Market Failure

There may have been a time when an item you would like to purchase was unavailable or its price didn’t match its value. Many of us have experienced this situation. In economics, this is called a market failure. 

Market Failure Market Failure

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Table of contents

    What is market failure?

    Market failure occurs when the price mechanism fails to allocate resources efficiently, or when the price mechanism fails to function altogether.

    People have different opinions and judgments in regards to when the market performs inequitably. For example, economists believe that unequal distribution of wealth is a market failure caused by the market’s inequitable performance.

    Moreover, the market performs inefficiently when there is a misallocation of resources which causes an imbalance of demand and supply and results in prices either being too high or too low. This overall causes overconsumption and underconsumption of certain goods.

    The market failure can be either:

    • Complete: when there is no supply for goods demanded. This results in the ‘missing market.’
    • Partial: when the market is still functioning but demand does not equal the supply which causes prices of goods and services to be wrongly set.

    In short, market failure is caused by an inefficient allocation of resources which prevents supply and demand curves from meeting at the equilibrium point.

    What are market failure examples?

    This section will provide a few examples of how public goods can cause a market failure.

    Public goods

    Public goods refer to goods or services that are provided for everyone in society without exclusions. Due to these characteristics, public goods are usually supplied by the government.

    Public goods must attain at least one of two characteristics: non-rival and non-excludable. Pure public goods and impure public goods have at least one of them.

    Pure public goods attain both characteristics. Non-rivalry means that one person's consumption of a good doesn’t prevent another person from consuming it. Non-excludability means that no one is excluded from consuming the good; even the non-paying consumers.

    Impure public goods exhibit some of the characteristics of public goods, but not all. For example, impure public goods may only be non-rival yet excludable, or vice versa.

    The non-rival goods category means that if one person consumes this good it does not prevent another person from using it:

    If someone listens to public radio stations it does not prohibit another person from listening to the same radio program. On the other hand, the concept of rival goods (can be private or common goods) means that if a person consumes a good another person cannot consume the same one. A good example of it is food at a restaurant: when a consumer eats it, it prevents another consumer from eating exactly the same meal.

    As we said, the non-excludable category of public goods means that everyone can access this good, even the non-tax-paying consumer.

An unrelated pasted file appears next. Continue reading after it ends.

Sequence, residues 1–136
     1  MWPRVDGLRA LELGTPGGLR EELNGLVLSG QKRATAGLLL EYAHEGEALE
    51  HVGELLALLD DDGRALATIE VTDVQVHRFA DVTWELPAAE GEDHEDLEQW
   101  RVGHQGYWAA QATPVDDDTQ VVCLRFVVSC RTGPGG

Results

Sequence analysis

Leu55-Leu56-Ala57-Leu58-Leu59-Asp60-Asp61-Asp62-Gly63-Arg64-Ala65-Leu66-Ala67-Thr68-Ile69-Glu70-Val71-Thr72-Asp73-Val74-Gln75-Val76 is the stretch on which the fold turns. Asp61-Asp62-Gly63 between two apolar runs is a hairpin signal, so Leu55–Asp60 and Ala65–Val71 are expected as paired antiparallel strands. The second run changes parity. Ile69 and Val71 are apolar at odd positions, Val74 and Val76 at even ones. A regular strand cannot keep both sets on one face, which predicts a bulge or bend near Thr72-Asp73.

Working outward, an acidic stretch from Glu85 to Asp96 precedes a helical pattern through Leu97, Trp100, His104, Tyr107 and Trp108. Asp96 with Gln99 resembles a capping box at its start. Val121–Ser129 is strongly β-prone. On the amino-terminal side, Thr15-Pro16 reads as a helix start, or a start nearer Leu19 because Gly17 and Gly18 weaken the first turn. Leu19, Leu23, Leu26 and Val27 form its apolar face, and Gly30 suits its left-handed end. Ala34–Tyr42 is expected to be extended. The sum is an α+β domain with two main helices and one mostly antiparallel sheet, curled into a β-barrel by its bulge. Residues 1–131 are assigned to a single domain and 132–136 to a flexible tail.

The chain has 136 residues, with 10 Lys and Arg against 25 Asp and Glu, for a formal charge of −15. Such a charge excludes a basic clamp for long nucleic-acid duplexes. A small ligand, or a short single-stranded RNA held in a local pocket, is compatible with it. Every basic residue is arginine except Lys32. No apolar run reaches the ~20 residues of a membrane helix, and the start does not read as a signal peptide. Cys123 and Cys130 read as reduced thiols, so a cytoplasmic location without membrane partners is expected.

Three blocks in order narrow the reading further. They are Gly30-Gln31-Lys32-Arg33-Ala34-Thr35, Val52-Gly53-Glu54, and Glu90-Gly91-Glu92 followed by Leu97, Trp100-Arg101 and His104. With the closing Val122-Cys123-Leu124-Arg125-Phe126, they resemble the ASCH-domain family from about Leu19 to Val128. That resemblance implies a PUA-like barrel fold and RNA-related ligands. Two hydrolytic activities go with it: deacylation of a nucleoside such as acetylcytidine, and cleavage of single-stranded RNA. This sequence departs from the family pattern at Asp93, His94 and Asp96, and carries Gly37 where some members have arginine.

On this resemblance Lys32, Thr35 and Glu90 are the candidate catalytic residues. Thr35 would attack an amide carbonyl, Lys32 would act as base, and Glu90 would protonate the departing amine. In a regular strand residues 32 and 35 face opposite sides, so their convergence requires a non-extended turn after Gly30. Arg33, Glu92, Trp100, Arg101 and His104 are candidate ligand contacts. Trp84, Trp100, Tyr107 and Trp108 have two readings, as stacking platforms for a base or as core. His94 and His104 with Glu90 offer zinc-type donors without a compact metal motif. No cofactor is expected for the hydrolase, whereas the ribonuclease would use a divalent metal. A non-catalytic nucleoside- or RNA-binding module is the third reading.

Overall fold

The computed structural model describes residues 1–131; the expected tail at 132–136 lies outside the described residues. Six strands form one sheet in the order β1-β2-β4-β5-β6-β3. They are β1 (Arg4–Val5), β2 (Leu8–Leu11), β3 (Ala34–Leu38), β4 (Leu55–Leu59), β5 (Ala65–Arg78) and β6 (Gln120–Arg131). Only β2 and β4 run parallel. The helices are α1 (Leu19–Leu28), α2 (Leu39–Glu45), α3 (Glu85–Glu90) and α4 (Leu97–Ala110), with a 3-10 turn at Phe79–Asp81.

National defence. Both taxpayers and non-taxpayers can have access to national protection. On the other hand, excludable goods (which are private or club goods) are goods that can't be consumed by non-paying consumers. For example, only paying consumers can buy products at the retail store.

    Free rider problem

    The most common example of market failure of public goods is called the ‘free-rider problem’ which occurs when there are too many non-paying consumers. If the public good is provided by private companies, the supply costs can become too high for the company to continue providing them. This will cause shortages in supply.

    An example is police protection in the neighbourhood. If only 20% of people in the neighbourhood are taxpayers who contribute towards this service, it becomes inefficient and costly to provide it due to the large number of non-paying consumers. Therefore, the police that protect the neighbourhood may decrease in numbers due to the lack of funding.

    Another example is a free radio station. If only a few listeners are making donations towards it, the radio station needs to find and rely on other sources of funding such as the government or it will not survive. There is too much demand but not enough supply for this good.

    What are the types of market failure?

    As we briefly mentioned before, there are two types of market failure: complete or partial. The misallocation of resources causes both types of market failure. This may result in the demand for goods and services not being equal to the supply, or prices being set inefficiently.

    Complete market failure

    In this situation, there are no goods supplied in the market at all. This results in the ‘missing market.’ For example, if consumers would like to buy pink shoes, but there are no businesses that supply them. There is a missing market for this good, therefore this is a complete market failure.

    Partial market failure

    In this situation, the market supplies goods. However, the quantity demanded is not equal to the supply. This results in a shortage of goods and inefficient pricing that does not reflect the true value of a good demanded.

    What are the causes of market failure?

    We must be aware that it is impossible for markets to be perfect as various factors can cause a market failure. In other words, these factors are the causes of the unequal allocation of resources in the free market. Let’s explore the main causes.

    Lack of public goods

    Public goods are non-excludable and non-rival. This means that consumption of those goods does not exclude non-paying consumers nor prevent others from using the same good. The public goods can be secondary education, police, parks, etc. Market failure usually occurs due to the lack of public goods caused by the ‘free-rider problem’ which means that there are too many non-paying people using public goods.

    Negative externalities

    Negative externalities are indirect costs to individuals and society. When someone consumes this good not only they are harming themselves but also others.